Editor’s note: Find the latest COVID-19 news and guidance in Medscape’s Coronavirus Resource Center.
This interview was edited for length and clarity.
State and local health departments regularly report the number of deaths from all causes to the US Centers for Disease Control and Prevention (CDC). By comparing recent numbers to those from past years, the agency calculates the number of excess deaths that have occurred during the COVID-19 pandemic, including those directly and indirectly related to the SARS-CoV-2 virus. The most recent numbers are likely still incomplete as it may take 8 weeks or more for death certificates to be registered and reported. Yet, even so, during the week of July 25, the US had 16% more deaths than it had in the same week last year.
Lara C. Pullen, PhD, recently spoke with Michael T. Osterholm, PhD, MPH, to understand what these data reveal about the effect of COVID-19 on the nation. Osterholm is the director of the Center for Infectious Disease Research and Policy at the University of Minnesota, and he served as a Science Envoy for Health Security on behalf of the US Department of State from June 2018 through May 2019.
Well, first of all, it shows that excess deaths are a real finding and that these excess deaths are not likely caused by chance alone. So that’s very important.
The data help to address an issue that unfortunately continues to be raised. There is a belief by some that the number of deaths due to COVID-19 have been elevated artificially. Those who raise this concern worry that any person who has been tested and found to be positive and dies — no matter what he dies from — would have a death attributed to COVID.
This is just not the case. We have a very specific way in this country of designating primary and secondary causes of death. If somebody has a serious illness, such as cancer, but dies from influenza, then they are listed as dying from influenza. Likewise, if an individual is infected with an agent such as COVID and dies from some other cause, such as an accident, the primary cause of death would be attributed to what causes the death. It would not be attributed to COVID.
We face a real challenge because the rumors persist that we are labeling deaths as being due to COVID when they are not. By this line of thinking, misclassification has artificially raised the number of COVID deaths. Some even go so far as to assert that somehow hospitals are being paid what’s been called “a bounty” to classify death as being the result of COVID. This is simply not true at all.
That’s right. The data also raise the question about how many of these excess deaths are actually due to COVID and were missed in the COVID count and how many resulted from other conditions that were affected because of the presence of COVID-19 in a given community. This could have been because individuals were either not able to access healthcare or were reluctant to do so because of their concern about COVID-19 being in the hospital.
When you look back on March 1, COVID-19 was not even in the top 100 causes of death in this country. By the end of April, it had become the number one cause of death daily.
We peaked at between 15,000 and 17,000 deaths per day. But now we’re down to 5000 to 6000 deaths per day. But what we believe will happen over the course of the next 7 to 10 weeks is that these numbers will come way back up again. We anticipate that the fall likely will bring increased occurrences as we see students going back to classes in high schools and colleges, and then we see the spillover with transmission into the general population.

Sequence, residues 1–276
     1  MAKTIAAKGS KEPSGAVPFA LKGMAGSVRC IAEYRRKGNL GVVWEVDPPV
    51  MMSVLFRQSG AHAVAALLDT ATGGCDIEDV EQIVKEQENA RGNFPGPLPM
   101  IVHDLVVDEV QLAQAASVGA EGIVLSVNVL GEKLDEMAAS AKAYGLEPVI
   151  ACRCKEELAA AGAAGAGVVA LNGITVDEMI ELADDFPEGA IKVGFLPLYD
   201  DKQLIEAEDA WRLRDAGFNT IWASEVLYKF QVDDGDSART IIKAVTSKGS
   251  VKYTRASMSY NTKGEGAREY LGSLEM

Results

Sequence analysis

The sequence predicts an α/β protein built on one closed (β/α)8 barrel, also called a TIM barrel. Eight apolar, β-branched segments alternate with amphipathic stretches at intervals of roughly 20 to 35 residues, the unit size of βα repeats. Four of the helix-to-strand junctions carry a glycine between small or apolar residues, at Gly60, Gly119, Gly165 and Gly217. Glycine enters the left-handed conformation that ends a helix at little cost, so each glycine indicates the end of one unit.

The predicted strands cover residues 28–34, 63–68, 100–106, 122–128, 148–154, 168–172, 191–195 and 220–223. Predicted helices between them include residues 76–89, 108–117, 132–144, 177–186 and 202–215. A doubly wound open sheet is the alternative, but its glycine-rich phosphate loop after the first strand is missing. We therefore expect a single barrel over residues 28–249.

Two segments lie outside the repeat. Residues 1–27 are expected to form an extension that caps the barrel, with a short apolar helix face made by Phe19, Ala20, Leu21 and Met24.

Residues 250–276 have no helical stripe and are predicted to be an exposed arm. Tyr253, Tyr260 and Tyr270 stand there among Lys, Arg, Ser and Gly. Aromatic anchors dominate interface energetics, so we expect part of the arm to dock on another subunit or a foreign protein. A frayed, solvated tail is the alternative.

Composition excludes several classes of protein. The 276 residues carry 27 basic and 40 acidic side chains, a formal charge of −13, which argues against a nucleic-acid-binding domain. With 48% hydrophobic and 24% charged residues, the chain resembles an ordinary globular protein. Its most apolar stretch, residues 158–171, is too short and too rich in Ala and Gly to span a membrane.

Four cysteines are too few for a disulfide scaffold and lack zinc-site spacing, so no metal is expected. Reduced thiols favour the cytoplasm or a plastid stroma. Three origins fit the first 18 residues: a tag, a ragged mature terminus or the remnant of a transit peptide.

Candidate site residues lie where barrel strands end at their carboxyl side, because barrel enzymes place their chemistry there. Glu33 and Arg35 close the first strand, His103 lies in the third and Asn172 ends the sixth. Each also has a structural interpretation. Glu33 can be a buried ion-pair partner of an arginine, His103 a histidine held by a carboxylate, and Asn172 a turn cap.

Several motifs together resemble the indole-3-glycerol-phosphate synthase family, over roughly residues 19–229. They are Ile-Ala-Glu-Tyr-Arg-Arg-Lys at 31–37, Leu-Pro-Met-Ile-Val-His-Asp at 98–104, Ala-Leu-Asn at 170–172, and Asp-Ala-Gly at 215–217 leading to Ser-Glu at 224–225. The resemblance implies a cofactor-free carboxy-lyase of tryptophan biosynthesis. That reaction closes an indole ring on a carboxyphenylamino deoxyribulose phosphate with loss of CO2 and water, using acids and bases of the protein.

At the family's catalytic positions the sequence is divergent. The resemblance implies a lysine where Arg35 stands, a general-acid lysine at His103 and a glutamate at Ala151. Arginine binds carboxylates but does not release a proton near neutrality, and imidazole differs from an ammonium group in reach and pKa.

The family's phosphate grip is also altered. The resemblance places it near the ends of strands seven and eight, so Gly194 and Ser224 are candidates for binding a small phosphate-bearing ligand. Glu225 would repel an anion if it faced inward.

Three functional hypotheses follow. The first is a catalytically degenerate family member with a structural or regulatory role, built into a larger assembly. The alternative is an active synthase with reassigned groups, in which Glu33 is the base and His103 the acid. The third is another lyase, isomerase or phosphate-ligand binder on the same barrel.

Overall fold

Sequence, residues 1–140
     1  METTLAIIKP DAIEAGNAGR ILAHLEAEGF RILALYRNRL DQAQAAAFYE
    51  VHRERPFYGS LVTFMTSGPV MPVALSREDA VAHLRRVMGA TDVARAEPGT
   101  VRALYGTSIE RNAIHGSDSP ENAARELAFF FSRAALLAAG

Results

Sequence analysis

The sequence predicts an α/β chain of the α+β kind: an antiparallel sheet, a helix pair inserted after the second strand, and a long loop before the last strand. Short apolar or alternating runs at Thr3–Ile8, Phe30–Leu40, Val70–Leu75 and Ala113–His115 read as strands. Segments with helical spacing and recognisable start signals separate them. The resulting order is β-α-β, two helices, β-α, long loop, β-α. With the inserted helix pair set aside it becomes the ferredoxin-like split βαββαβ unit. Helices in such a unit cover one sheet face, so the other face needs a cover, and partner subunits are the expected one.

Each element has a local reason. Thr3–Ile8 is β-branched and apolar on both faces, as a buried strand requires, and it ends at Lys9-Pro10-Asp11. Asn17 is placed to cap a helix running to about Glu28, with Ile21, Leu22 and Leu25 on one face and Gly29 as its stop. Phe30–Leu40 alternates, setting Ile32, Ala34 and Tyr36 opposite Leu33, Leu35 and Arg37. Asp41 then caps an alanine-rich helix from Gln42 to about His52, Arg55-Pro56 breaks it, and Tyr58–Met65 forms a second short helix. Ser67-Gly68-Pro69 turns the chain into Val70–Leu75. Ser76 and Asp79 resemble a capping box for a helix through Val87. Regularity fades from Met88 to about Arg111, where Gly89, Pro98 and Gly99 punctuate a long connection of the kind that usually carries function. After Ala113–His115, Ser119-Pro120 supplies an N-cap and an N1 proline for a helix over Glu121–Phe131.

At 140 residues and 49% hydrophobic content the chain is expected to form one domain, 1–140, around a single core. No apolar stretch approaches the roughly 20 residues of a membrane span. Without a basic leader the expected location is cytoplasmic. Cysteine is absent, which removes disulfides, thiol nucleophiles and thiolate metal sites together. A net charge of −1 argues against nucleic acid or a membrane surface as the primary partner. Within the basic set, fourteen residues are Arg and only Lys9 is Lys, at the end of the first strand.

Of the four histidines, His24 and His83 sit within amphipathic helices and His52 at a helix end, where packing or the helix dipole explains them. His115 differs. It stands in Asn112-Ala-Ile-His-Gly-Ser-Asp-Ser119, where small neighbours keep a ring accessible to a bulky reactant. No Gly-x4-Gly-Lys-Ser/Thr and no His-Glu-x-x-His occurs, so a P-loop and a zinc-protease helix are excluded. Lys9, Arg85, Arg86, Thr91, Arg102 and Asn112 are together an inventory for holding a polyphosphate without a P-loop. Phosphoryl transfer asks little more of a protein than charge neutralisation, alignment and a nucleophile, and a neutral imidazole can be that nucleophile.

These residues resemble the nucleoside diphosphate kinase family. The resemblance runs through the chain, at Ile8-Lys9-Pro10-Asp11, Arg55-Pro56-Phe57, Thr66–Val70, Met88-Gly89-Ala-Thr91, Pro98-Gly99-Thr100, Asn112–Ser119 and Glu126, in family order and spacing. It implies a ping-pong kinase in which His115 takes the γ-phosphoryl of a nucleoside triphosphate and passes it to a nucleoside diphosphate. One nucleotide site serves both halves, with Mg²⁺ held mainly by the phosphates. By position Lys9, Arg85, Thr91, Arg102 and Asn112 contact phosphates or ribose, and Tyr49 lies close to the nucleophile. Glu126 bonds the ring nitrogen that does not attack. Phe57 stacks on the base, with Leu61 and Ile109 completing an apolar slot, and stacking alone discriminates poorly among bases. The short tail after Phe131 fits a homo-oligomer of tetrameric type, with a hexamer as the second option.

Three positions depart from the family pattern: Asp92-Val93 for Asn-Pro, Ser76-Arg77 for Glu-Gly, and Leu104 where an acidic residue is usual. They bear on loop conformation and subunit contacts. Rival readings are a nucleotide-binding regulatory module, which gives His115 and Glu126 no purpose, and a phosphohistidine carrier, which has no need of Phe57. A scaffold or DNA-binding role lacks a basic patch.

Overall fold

Yes, there absolutely is a lag. It is clear from the data that there is a burden. What the data can also help us understand is who is dying from COVID infection. You know, this is a very serious illness, obviously, and from an impact standpoint, it’s obvious that many of the deaths that occur are in older individuals and in those with underlying health conditions. Unlike, for example, in 1918, during the influenza pandemic, when most of the deaths occurred in young, healthy adults.
Exactly. The data highlight the important issue of racial and ethnic disparities. If you dig down into the racial disparities data on the CDC website, you can see the very real challenge.
There are definitely weaknesses in the data. When it comes to the state health departments, I have to say that at this point we surely have challenges. Many of the systems employed by state, local health departments are sorely in need of improvement.
The reporting is now moving back to CDC and they’re in the process of updating the software so that can happen. The issue is that federal reporting is only as good as the reporting that occurs at the state and local level. Whether it is the CDC or HHS, they can only collect what the state and local health departments collect. And the challenge is to improve data collection at the state and local level.
I think there are some examples. Go back and look at the what’s been in the public about Iowa. Go look at what’s been written in the media about California. Go look at a number of states. Now in Minnesota, we’ve worked hard to build a very comprehensive surveillance system here. So, at this point, I feel confident here, but I’m sure that for many states you do have to raise the questions. This disease has basically exposed all the weak points in our public health, in the surveillance system.
Lara C. Pullen, PhD, is a medical writer based in the Chicago area.